Uganda + 6 more

Locusts swarm into northern Uganda as Oxfam looks toward a $5m humanitarian response across region

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Locust infestations have just hit two new districts in northern Uganda as they continue to plague Kenya, Ethiopia and Somalia, and threaten Sudan and South Sudan. There are also reports of the swarms now in Tanzania.

“Everyone is in panic and trying to make noise to drive the locusts away, says Oxfam’s Ethiopia Country Director Gezahegn Gebrehana.

This is the worst locust crisis in 70 years for Kenya alone. Locust breeding is continuing with more juvenile insects developing now, so the swarms could still get bigger, more widespread and last until June if not brought more quickly under control. There are already 22.8m people living in acute to severe food insecurity in those six countries following consecutive failed rainy seasons, unusual floods and storms.

The fast-moving locust swarms have been made worse by climate change because they have been encouraged to feed on newly “greened” vegetation, the result of unusual weather patterns. They are devastating pastures and grasslands and could ruin new food crops from the March-to-July growing season.

“We depend on livestock and if there is no fodder for our livestock, life will be difficult for us, we ask for help urgently,” said Mohammed Hassan Abdille, a farmer from Bura Dhima in Tana River, Kenya.

Oxfam is working closely with our local partners and communities to help the most affected people across the four countries with the outbreak, aiming to reach over 190,000 of the most vulnerable people with cash assistance, livestock feed, seeds, and health services.

In Somalia, together with our partners, we aim to reach 11,670 households of the most vulnerable people. In Kenya, Oxfam is working with members of the Arid and Semi-Arid Land (ASAL) Humanitarian Platform that has members in seven of the 13 affected counties and aims to assist 3000 households in the first phase of its operations, and another 5,000 in the second. In Ethiopia, Oxfam aims to reach another 5,000 households with similar aid.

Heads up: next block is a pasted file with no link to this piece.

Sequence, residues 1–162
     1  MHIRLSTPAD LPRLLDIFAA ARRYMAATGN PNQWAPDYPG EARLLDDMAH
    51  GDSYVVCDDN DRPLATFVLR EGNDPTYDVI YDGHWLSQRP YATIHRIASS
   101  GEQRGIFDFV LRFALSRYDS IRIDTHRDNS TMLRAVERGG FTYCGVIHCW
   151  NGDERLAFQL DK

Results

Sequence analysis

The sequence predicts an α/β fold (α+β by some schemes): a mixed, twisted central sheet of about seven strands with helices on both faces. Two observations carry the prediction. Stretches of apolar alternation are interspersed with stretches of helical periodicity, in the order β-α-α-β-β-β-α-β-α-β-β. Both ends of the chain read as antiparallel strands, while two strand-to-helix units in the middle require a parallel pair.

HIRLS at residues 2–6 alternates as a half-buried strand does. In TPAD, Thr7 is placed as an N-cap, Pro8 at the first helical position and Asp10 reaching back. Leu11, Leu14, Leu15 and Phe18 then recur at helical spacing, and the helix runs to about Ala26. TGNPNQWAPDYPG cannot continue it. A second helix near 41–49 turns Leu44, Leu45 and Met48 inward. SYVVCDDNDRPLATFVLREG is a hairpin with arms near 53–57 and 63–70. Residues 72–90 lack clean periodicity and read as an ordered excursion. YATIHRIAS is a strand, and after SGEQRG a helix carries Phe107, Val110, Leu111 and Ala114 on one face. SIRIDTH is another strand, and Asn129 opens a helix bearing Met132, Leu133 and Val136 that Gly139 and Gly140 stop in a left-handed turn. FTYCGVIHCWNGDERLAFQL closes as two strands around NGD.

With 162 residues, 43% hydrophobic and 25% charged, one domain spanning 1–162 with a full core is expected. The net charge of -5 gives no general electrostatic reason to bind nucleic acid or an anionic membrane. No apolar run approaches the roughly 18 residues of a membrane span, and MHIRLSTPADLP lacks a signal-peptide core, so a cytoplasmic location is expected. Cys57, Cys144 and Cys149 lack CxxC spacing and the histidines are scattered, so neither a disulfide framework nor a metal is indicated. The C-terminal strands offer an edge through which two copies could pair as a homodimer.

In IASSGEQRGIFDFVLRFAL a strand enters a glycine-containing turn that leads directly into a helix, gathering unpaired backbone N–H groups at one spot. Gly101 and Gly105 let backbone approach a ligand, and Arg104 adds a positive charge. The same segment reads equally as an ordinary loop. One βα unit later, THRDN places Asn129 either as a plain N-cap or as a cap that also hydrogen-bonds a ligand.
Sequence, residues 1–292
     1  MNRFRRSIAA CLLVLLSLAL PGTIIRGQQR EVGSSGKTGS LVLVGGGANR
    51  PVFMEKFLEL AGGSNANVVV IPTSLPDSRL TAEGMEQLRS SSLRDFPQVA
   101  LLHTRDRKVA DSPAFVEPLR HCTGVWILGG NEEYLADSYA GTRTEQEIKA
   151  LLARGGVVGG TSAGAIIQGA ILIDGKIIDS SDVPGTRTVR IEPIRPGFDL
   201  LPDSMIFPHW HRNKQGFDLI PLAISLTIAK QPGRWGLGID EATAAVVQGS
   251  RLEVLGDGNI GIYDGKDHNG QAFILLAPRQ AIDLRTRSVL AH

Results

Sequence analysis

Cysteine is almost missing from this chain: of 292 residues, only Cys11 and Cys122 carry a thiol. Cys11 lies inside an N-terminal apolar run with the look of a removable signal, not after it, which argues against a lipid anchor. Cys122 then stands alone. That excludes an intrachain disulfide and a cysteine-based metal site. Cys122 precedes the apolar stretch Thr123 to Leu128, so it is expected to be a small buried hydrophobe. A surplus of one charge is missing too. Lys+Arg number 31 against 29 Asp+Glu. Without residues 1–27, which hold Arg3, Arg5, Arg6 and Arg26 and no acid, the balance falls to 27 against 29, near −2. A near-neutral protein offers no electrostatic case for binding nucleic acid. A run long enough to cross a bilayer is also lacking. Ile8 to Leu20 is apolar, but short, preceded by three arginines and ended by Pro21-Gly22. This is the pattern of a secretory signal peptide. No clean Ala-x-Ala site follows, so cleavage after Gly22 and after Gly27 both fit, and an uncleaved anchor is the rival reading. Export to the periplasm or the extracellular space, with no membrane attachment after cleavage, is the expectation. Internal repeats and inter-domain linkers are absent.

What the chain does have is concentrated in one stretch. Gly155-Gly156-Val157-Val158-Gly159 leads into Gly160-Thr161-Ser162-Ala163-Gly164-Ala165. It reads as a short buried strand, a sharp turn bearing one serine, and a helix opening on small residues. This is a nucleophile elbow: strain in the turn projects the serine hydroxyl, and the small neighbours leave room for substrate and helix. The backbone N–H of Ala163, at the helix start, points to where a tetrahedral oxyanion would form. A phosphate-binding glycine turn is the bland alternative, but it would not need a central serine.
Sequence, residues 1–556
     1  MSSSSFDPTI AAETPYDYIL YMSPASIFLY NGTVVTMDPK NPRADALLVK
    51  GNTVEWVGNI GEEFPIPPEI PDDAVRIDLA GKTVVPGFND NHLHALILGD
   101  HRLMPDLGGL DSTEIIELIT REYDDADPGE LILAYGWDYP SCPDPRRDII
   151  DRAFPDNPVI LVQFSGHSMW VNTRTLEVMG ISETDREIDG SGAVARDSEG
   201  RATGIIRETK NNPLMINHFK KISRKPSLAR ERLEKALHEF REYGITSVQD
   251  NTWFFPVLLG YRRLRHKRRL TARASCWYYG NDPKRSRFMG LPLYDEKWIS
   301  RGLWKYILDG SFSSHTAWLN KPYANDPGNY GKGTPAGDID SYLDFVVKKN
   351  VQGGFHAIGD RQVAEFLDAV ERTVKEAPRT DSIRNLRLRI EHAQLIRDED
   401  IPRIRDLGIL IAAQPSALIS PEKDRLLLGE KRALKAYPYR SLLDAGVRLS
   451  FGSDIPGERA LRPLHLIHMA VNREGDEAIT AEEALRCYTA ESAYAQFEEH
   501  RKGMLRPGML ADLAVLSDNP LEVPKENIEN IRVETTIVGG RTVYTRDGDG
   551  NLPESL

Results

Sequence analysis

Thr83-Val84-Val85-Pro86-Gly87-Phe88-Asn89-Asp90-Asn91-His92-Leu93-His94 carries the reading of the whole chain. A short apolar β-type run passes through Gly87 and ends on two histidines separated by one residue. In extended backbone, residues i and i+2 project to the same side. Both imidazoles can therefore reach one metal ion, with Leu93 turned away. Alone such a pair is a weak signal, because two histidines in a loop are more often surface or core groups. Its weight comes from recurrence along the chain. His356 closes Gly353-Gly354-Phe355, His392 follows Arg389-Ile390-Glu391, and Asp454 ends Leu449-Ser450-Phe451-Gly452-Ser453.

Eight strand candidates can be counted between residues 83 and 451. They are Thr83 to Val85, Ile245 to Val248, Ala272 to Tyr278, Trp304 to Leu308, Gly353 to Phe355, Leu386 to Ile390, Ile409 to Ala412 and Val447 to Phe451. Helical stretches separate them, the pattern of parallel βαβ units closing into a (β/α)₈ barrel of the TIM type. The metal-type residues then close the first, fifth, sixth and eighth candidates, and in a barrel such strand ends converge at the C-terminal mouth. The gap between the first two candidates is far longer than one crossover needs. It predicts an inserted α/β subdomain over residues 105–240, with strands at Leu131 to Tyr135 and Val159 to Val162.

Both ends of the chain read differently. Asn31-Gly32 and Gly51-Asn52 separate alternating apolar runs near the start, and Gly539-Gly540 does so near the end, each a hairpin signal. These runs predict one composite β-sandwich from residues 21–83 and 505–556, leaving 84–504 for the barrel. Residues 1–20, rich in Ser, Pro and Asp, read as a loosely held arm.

Oxfam is ramping up its region-wide humanitarian response with $650,000 and will need to secure more than $5m to reach the most vulnerable people it has targeted. Oxfam teams in South Sudan and Sudan are also preparing against the likelihood of new infestations there.

Oxfam says that lessons from the last local plague in the Sahel in 2003-5 showed that a two-pronged attack was vital, to control the pests as well as work to do everything possible to protect local people’s livelihoods and restore them as quickly as possible.

Oxfam continues to urge international donors to fully fund the FAO’s $76m appeal as soon as possible. The current total stands at around $18m. “This is the time for decisive action,” said Gebrehana.

Notes to editors

  • Nearly 22.8 million people are severely food insecure (IPC 3 and above) as follows : in Ethiopia (6.7 million people), Kenya (3.1 million), Somalia (2.1 million), South Sudan (4.5 million), Sudan (5.8 million) and Uganda (600,000).
  • Given the scale of the current swarms, aerial control is the only effective means to reduce the locust numbers. In Ethiopia, ground teams and four aircraft are conducting control operations against swarms – nearly 8 000 hectares were treated in the first two weeks of January 2020. In Kenya, four aircraft are currently spraying, but operations have been limited due to available capacity or collective experience – Kenya last faced a Desert Locust invasion in 2007”
  • The outbreak, which has primarily been driven by the recent climatic shocks in the region, comes after Oxfam warned of a potential outbreak in Uganda end of last month.
  • The swarms which could grow 500 times bigger by June are devastating pasture and food supplies across parts of Ethiopia and Kenya and could also put South Sudan, Eritrea and Djibouti at risk, making it the worst of such situation in 25 years.
  • The locust swarms have increased significantly over the past month in across 13 Kenyan counties including Isiolo, Samburu, Wajir, Garissa, Tana River, Marsabit, Laikipia, Mandera, Kitui, Baringo, Meru, Embu and Turkana

Contact information

Spokespersons are available. To arrange for interviews contact:

Oxfam in Uganda

Winnie Kyamulabi Mukalazi

Communications Assistant

Oxfam in Uganda

Mobile: +256-701032238 | +256-773457946

Email: winnie.kyamulabi.mukalazi@oxfam.org

Oxfam in Ethiopia

Tigist Gebru

Media and Communications Coordinator

Oxfam in Ethiopia

Mobile: +251-909 79 10 88

Email: TGebru@oxfam.org.uk

Oxfam in Kenya

Caroline Mochoge

Communications Assistant

Oxfam in Kenya

Mobile: +254 (0) 708 712888

Email: cmochoge@oxfamorg.uk

Oxfam in Somalia

Abdiaziz Adani

Senior Advocacy & Communications Officer

Mobile: +252 63 4411020

Email: Abdiaziz.Adani@oxfam.org